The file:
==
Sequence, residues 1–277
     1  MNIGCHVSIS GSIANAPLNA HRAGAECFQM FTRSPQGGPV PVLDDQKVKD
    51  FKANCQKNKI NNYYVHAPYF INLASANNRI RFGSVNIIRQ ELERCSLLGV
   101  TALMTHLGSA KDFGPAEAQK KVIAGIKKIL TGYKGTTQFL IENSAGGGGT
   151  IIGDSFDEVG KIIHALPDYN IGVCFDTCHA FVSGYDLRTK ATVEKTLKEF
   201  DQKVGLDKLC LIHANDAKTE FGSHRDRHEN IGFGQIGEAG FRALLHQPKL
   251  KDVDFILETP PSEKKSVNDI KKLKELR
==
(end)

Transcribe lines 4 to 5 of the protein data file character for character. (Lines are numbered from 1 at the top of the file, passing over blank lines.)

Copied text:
   101  TALMTHLGSA KDFGPAEAQK KVIAGIKKIL TGYKGTTQFL IENSAGGGGT
   151  IIGDSFDEVG KIIHALPDYN IGVCFDTCHA FVSGYDLRTK ATVEKTLKEF